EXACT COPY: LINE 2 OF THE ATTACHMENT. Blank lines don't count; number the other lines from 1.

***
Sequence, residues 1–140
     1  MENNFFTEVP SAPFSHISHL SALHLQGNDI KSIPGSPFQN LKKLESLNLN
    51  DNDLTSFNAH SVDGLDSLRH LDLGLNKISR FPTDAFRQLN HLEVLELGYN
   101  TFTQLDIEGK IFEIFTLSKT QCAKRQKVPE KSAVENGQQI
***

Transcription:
     1  MENNFFTEVP SAPFSHISHL SALHLQGNDI KSIPGSPFQN LKKLESLNLN